In training camp, Hightower will be in a hotly contested roster battle with fellow rookie Quez Watkins and fourth-year pro Greg Ward.
Luke Juriga/RG: Juriga spent his first three seasons at Western Michigan at right guard before moving to center last season – and there now happens to be a need along the interior O-line. Juriga was a highly coveted undrafted free agent — he received $116,000 in guaranteed money – but his college tape and East-West Shrine Bowl performance suggest the Eagles stumbled on post-draft value. Juriga will be competing against an array of fellow upside-laden prospects, but I believe the former Bronco has the potential to follow in the footsteps of Nate Herbig, who defied long odds to make the Eagles’ 53-man roster last summer.
Like clockwork, injuries have ravaged the defensive tackle position every season for the Eagles for the past few seasons. If the frequent roster shuffling has shown anything, it’s that there’s no such thing as too much depth.
Over the past two seasons, Fletcher Cox has played alongside Destiny Vaeao, T.Y. McGill, Bruce Hector, Akeem Spence, Albert Huggins, and Anthony Rush. While the top four spots are essentially etched in stone, the team should find room for a player of Williams’ caliber rather than risk exposing him to waivers like they did with Rush.
I was surprised to see Williams slip through the cracks on draft weekend, as the 6-foot-4, 303-pound defensive lineman started 42 games in the middle of a stout Michigan State defense and recorded 48 tackles (7.5 for loss) and 5.0 sacks last season. He earned second-team All-Big Ten honors and an invite to the prestigious East-West Shrine Bowl.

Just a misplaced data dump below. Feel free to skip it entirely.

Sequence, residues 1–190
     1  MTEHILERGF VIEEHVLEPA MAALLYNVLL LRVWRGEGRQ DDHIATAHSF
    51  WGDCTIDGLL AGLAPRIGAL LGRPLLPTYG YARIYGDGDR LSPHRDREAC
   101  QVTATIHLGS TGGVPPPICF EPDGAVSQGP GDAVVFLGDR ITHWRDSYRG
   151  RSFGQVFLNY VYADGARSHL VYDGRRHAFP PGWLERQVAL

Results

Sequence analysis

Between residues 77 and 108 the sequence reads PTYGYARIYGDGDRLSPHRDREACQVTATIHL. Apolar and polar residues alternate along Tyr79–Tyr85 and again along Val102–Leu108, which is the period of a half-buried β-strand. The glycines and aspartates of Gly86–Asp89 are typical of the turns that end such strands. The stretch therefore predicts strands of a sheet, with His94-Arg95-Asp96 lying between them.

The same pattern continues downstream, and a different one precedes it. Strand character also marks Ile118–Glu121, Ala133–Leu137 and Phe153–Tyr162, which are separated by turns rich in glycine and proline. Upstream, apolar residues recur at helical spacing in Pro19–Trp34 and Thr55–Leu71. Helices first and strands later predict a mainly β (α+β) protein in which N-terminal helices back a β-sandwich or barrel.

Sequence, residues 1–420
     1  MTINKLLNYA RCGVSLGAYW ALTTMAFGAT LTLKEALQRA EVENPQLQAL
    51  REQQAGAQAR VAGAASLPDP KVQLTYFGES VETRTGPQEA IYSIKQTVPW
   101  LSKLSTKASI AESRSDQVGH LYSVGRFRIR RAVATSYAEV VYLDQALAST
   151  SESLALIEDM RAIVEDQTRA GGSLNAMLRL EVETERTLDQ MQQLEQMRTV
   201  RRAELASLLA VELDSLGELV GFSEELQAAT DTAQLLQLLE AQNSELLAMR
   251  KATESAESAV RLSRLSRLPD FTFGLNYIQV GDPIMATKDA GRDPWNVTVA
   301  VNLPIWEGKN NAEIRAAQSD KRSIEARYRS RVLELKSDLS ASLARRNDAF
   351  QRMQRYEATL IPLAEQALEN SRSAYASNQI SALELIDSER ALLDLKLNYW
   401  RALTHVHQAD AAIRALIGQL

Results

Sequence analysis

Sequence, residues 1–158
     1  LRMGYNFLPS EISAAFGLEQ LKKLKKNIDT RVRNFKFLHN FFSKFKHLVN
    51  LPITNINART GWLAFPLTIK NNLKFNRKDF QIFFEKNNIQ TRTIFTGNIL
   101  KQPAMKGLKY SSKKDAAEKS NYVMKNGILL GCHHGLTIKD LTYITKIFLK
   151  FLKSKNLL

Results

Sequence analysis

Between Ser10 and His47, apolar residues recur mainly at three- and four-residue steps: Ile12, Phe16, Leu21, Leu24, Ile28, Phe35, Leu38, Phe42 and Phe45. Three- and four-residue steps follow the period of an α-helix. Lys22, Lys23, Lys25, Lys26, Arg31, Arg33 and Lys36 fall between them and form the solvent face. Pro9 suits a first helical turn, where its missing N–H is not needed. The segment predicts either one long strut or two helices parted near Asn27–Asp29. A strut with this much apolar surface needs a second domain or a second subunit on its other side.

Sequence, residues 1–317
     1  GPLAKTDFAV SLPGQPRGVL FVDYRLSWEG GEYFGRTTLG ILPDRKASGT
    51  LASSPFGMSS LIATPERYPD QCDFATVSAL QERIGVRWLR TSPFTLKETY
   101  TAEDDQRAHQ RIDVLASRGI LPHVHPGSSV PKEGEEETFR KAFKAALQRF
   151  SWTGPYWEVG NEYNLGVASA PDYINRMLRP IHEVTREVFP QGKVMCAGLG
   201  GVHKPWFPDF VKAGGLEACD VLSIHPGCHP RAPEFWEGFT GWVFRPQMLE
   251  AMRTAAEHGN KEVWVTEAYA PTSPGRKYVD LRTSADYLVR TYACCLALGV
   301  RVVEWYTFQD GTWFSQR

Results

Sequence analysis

Most Underrated Player
Had he been drafted to just about any other team, Dallas Goedert would be widely recognized as one of the game’s premier tight ends by now. But even while playing second-fiddle to Pro Bowler Zach Ertz, Goedert finished ninth in the NFL last season in receptions (58) and tied for seventh in receiving touchdowns (7). Though not quite on Ertz’s level as a route runner, Goedert is the more explosive athlete, capable of creating yards after the catch and bringing a more above-the-rim style of play to the position. The South Dakota State product has improved as a blocker and should see his star continue to rise in the new-look offense.
Honorable mention: Nickell Robey-Coleman
Most Overrated Player
When the Eagles passed on Marlon Humphrey and Jonathan Allen in the 2017 NFL Draft to select Derek Barnett at 14th overall, the expectation was that he would provide instant production and infuse youth into an aging unit. For various reasons, the Eagles are still waiting for a return on their steep investment. In three seasons, Barnett has amassed 14 sacks over 35 games. Calls for a Barnett breakout have come every offseason since 2017, but depth issues at the edge demand that those proclamations come to fruition for the season to live up to expectations.
The Eagles placed an emphasis on speed and field-stretching this offseason. They now boast the required weaponry to contend with the NFL’s elite. Though I don’t expect to see wholesale changes on offense despite the addition of some prominent coaches, I do anticipate subtle tweaks in the running game, protections and screens along with a heavy dose of play-action.
Whether with Garoppolo, Mullens, or Lock, Scangarello built a resume on utilizing the quarterback outside the pocket, which accents perhaps Wentz’ greatest attribute.
The defense’s success largely hinges on its ability to apply pressure. If the defensive line can get home, alleviate pressure from the secondary, and help get the ball back to the offense, the Eagles should face little resistance in capturing another NFC East title.
Andrew DiCecco (@ADiCeccoNFL) is a contributor to InsideTheBirds.com. He also writes for Pro Football Network.